The question of timing of response has become an important question in the field since the adoption of venetoclax plus HMA as a standard regimen after its approval. There’s a lot of historical experience using the hypomethylating agents, one of the chemo drugs, for the last several years and clinicians are used to how to manage that, how many cycles to give before assessing a response or how many cycles to give before maybe moving on to try something else if they don’t feel like it’s working. So that led us to ask the question of how that appears to be in the setting of venetoclax based combinations. What we did was we combined data from two clinical trials using venetoclax combinations, one which was in combination with a hypomethylating agent, the other was in combination with low dose cytarabine.
We were looking to see whether patients should continue for several cycles or if one should stop after a certain amount of cycles. We were looking to see if there was any baseline data that could help us guide those decisions clinically. We found that actually, as expected, most patients achieved remissions fast, which is what we all knew from the manuscripts that have been presented, the data that has been presented from the two trials. In most cases remissions are achieved in the first cycle or two cycles. What we also found was that about a third of remissions occurred after cycle 2 and to some degree that was a surprising finding, at least to me, as my thought had been that a higher percentage of patients were achieving the response early. So that was quite interesting.
We also did an analysis looking at maybe baseline features that could help predict who would maybe benefit from additional cycles of treatment after cycle 2 and that was also informative.
We looked at some subsets of disease and maybe which subsets might be more likely to achieve a response early. That was useful data; certain mutations like IDH and NPM1, these have performed very well on the parent studies, so this would be the phase I and the I/II, the LODAC and the hypomethylating agent studies. So no surprise here, we saw that patients tended to achieve robust complete remissions and quick in those contexts.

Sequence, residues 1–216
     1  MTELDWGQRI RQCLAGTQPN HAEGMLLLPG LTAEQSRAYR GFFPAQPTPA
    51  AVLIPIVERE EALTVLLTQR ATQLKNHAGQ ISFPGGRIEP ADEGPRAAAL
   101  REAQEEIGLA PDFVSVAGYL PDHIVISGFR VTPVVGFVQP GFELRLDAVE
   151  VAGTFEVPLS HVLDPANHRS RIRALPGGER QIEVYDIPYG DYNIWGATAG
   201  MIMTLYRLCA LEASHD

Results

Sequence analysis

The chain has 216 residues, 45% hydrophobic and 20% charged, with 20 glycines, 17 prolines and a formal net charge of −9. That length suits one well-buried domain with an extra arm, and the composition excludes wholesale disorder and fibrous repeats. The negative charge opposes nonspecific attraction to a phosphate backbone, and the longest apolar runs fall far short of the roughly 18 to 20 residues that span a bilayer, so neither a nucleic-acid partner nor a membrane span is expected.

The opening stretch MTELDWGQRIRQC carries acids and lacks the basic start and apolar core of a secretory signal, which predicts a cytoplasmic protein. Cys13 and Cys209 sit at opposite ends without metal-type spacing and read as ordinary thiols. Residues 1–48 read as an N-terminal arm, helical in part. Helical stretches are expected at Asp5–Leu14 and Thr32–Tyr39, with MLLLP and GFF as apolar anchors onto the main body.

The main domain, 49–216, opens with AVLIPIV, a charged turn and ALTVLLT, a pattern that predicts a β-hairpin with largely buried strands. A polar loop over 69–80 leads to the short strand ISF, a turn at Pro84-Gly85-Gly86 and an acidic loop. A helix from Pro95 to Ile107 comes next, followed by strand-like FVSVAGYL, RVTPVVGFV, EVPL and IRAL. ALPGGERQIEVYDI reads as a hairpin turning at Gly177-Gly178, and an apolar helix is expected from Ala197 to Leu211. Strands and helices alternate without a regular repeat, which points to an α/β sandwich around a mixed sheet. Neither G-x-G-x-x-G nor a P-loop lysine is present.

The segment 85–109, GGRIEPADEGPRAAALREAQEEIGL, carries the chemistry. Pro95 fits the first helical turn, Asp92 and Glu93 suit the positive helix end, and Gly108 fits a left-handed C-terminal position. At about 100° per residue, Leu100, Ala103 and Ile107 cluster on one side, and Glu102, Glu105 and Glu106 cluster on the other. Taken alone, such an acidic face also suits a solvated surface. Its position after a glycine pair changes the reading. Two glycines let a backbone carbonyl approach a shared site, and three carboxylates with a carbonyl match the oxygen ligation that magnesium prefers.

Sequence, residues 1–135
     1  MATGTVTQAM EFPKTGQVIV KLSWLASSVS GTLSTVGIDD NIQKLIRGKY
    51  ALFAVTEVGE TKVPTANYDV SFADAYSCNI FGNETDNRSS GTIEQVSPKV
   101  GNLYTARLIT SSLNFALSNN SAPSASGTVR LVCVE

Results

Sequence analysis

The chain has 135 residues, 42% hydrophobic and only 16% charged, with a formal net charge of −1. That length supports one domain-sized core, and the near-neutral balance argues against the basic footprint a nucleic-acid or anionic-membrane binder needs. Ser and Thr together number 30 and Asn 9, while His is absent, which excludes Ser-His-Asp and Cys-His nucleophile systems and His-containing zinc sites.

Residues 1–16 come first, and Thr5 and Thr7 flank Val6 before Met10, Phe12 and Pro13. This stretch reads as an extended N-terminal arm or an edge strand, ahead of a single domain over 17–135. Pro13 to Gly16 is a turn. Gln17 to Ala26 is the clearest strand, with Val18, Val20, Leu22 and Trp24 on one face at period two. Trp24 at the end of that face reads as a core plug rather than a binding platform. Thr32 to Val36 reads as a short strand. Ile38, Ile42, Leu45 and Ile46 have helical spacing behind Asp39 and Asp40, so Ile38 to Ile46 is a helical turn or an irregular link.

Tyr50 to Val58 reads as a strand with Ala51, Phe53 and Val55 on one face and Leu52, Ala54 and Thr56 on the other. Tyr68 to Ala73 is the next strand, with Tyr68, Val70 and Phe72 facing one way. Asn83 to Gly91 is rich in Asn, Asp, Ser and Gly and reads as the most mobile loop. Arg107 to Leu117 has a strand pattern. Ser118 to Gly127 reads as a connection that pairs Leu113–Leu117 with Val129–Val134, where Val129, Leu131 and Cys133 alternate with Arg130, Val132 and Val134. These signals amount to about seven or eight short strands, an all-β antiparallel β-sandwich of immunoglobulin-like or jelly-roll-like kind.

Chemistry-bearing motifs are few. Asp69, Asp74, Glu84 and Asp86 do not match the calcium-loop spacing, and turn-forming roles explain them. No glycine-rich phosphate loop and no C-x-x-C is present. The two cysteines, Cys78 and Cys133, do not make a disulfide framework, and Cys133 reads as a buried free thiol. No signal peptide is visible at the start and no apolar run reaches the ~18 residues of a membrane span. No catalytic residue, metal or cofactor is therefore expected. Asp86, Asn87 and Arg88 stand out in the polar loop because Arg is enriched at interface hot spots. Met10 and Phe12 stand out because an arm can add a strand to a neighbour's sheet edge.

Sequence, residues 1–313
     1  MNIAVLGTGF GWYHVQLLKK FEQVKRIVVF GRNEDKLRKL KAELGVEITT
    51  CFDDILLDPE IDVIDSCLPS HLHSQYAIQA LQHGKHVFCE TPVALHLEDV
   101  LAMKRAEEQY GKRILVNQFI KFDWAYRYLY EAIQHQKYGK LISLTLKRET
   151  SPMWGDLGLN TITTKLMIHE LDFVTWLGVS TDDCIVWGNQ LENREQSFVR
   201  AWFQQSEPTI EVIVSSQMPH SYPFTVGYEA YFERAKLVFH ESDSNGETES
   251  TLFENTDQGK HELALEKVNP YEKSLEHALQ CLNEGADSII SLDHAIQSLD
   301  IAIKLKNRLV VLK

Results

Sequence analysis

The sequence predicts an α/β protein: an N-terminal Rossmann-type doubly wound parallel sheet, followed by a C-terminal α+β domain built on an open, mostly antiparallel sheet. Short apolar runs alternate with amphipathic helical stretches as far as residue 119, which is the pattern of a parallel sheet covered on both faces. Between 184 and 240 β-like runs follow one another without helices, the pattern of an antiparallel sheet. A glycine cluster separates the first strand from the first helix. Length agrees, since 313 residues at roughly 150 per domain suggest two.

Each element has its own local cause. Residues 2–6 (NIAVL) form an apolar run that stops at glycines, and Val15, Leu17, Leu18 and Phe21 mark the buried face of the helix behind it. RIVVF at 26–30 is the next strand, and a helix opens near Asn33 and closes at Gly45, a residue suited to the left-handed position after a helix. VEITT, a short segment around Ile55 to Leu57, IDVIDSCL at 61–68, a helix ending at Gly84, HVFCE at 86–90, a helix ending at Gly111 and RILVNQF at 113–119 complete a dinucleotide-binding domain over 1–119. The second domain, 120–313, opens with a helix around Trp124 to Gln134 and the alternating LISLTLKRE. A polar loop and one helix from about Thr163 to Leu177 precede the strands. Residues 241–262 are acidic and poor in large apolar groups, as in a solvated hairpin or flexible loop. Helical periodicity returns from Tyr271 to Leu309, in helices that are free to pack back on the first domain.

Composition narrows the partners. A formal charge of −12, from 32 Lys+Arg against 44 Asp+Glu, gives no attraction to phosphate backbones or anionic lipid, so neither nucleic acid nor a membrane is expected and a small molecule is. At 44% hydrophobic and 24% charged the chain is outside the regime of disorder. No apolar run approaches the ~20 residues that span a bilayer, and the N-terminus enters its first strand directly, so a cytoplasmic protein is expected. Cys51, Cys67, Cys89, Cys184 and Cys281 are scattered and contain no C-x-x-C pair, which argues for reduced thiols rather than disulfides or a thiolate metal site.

The other analysis showing that patients who had a secondary AML and those that didn’t achieve blast clearance early were less likely to achieve a later remission was perhaps the more relevant piece of information.
This is certainly an intriguing dataset. It’s obviously a dataset that’s derived from two controlled clinical trials. So they are definitely not real world populations, so to speak, and I think that would be interesting to start looking into, whether or not you see similar things or what we’re seeing in the real world evidence side of things where a lot of these practice patterns can be tested. It would be interesting to see if this is more generalizable because I think this has the potential to impact how we give the regimen and that’s important to disseminate to clinicians.
What really this data shows us is that you have to take the patient on an individual level and you need to think about the patient’s baseline disease characteristics as well as their response to treatment when you’re thinking about how long to give them venetoclax based regimens in order to get a response. So, in other words, personalise these decisions as to when do you either decide to move on to something else if you don’t think treatment is working well enough or to continue and push to try to get a response at a later time. This is really pertaining to those third of patients that are not achieving a response within the first two cycles like you see in the majority of the remission.